“She was my biggest fan,” Preisendorfer said.
King of the Court
His biggest advocate for becoming a basketball official was Christy.
The two were more than partners on the court. They were best friends off the court.
Gary Swart, long-time area high school official, said the twosome was amazing.
“The guy who knows the most about George was Christy,” Swart said. “Those two always had the big games. They earned them. The rest of us rarely got the chance to go to Uniontown. Those two not only went to Uniontown. They went to Altoona, really all over, anywhere there was a big game.
Swart said he never totally understood how well-known Preisendorfer was through the state until the two were presented their 35-year watches at a state convention in 2011.
“Here we are, surrounded by the hierarchy of the state,” Swart said. “These guys knew George by name and were talking with him. It was impressive.”
What is more impressive is how Preisendorfer is thought of by his peers.
“The things that made George a good referee are the same things that define him as a person,” said Steratore, CBS football and basketball analyst. “He is hard working, a great communicator, and an honest and fair man. Those same virtues apply to (his) officiating.
“He was always the guy who never talked about his accomplishments. His humility was contagious to all that were around him. “I was a young, college official when I met George. I can say that he immediately started to help me from day one. When you’re young and naive, which I was at that time, having an experienced person want to help was priceless.
“It is always a great thing when good people are recognized. And George is definitely one of those people.”
Preisendorfer said his officiating career began at Peters Township for a junior high school game between the Indians and South Park.
“I actually liked it,” Preisendorfer said. “Bill made fun of me because I wore white socks and that’s a no-no for officials.
“Five thousands games later, I fell in love with it. My involvement with the sport took me to great places with great people. It’s a piece of my life I’ll cherish forever.”
Only once did Lisa ask him not to go to referee a game.
“I was assigned to go to East Stroudsburg,” Preisendorfer said. “The weather forecast was terrible. Lisa asked me not to go. I said I have to show up. So, I went. I came back battered and beaten by the trip in that weather.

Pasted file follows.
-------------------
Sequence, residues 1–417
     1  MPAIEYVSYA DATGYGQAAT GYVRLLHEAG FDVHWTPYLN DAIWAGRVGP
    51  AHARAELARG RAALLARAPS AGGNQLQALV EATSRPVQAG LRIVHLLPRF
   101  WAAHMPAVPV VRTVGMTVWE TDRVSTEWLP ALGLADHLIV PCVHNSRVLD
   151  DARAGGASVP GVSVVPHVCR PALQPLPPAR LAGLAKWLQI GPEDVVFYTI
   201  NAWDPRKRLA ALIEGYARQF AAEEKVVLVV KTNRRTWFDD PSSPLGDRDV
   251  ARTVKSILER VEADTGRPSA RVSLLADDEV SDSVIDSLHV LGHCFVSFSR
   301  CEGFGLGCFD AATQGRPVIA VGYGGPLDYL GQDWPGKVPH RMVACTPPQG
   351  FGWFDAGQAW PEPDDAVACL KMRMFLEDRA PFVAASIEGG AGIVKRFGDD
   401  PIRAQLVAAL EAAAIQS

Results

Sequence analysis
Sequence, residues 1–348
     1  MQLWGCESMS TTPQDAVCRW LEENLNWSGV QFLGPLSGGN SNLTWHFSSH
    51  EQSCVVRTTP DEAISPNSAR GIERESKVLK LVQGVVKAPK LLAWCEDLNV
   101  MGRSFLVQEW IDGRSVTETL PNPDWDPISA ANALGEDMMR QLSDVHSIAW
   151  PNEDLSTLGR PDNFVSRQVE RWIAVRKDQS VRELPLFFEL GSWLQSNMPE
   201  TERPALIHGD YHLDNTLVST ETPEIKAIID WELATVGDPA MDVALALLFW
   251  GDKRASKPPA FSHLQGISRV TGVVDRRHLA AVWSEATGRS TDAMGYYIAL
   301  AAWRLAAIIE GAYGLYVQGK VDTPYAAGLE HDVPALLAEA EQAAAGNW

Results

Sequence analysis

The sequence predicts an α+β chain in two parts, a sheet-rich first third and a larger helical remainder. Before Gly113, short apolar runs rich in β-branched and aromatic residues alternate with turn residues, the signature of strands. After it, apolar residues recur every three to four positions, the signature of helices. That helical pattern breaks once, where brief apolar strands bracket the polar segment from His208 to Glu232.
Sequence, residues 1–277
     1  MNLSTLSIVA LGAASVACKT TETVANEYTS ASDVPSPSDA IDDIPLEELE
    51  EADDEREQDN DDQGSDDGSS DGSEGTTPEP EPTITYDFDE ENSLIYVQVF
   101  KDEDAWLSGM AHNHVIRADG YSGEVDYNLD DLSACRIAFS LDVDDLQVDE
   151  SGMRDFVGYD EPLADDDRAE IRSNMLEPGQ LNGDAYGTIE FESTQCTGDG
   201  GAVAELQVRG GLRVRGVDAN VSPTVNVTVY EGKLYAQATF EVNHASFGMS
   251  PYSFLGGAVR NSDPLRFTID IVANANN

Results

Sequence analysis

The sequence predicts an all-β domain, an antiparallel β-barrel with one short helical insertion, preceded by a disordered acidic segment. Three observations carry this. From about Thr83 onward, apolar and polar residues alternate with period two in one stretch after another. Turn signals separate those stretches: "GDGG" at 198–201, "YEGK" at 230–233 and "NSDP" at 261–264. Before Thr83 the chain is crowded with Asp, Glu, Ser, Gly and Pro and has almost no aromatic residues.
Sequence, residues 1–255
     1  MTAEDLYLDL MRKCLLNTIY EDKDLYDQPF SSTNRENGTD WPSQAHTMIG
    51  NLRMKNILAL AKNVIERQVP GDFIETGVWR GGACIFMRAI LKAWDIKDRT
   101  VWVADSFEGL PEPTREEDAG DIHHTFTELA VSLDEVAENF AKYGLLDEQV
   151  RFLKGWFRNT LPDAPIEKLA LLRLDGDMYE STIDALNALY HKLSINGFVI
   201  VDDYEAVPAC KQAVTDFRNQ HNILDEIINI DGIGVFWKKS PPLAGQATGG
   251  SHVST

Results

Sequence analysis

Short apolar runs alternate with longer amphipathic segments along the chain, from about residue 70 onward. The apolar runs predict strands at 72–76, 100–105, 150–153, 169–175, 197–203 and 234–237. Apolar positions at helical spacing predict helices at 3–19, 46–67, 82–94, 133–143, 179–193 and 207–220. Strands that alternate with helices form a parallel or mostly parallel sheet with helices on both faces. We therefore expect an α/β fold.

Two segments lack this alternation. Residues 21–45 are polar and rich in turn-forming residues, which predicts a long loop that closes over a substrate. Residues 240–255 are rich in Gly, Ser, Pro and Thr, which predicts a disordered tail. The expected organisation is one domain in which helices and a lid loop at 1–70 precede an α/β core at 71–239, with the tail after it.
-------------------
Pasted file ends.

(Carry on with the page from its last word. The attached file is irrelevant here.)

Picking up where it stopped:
“She asked me this: ‘If there was a $100 bill laid on the sidewalk in East Stroudsburg and they told you it would be there when you got there, would you have gone.’
“I said I wouldn’t have. She replied: “then why did you go.’ ”
A Good Man
The commitment to the game was not lost on those who were familiar with Preisendorfer’s work.
“I think the secret to George’s success was not only that he was an excellent referee, but he is a better human being,” said former Peters Township and Canon-McMillan basketball coach Rick Bell. “You can look at some people and say they are really good at what they do but you are not sure about the person they are.
“George is a better person than a referee. He is one of the best, if not the best, I ever worked with in my 31 years of coaching (high school) basketball.”
Bell said the secret to Preisendorfers’ on court success and prowess as an official was simple.
“George was in control without being controlling,” Bell said emphatically. “That was the secret to his success.
“Sometime coaches know before the game who the officials are, sometimes you don’t. When I walk out on the court before the game and saw George standing there, I knew the game would be called correctly and fairly, that he would give his best effort. George could control the game by talking with you and to your kids. He would communicate with coaches, players and his partners. If he felt (the coach) or players were talking about or saying things that shouldn’t be said, he’d say that’s enough and get on with the game.
“You respect that control he had and his ability to deal with people. That ability takes it to an entirely different and higher level. That is why he was always one of the best.”
The Preisendorfers, who reside in Washington, have two daughters, Lindsey Crothers (Justin), and Gabreal. They have a grandson, Levi George Crothers.
George said he spends a great deal of time with Levi (5), who shares his love of golf.
“We go to Top Golf three to four times a week,” Preisendorfer said. “He loves golf. I love spending time with him.”
Spending time has been a Preisendorfer quality throughout.
“I’m really proud of the relationship we had on the court,” Bell said. “The coach-official relationship can be adversarial at times – never with George. George always did it with a smile on his face. I always believed you can judge a person by the way they treat someone who can do nothing for them. We are all human and we try to be nice to those who can help us. George was good to everybody whether they could help him or not. You knew he was going to be good to you.”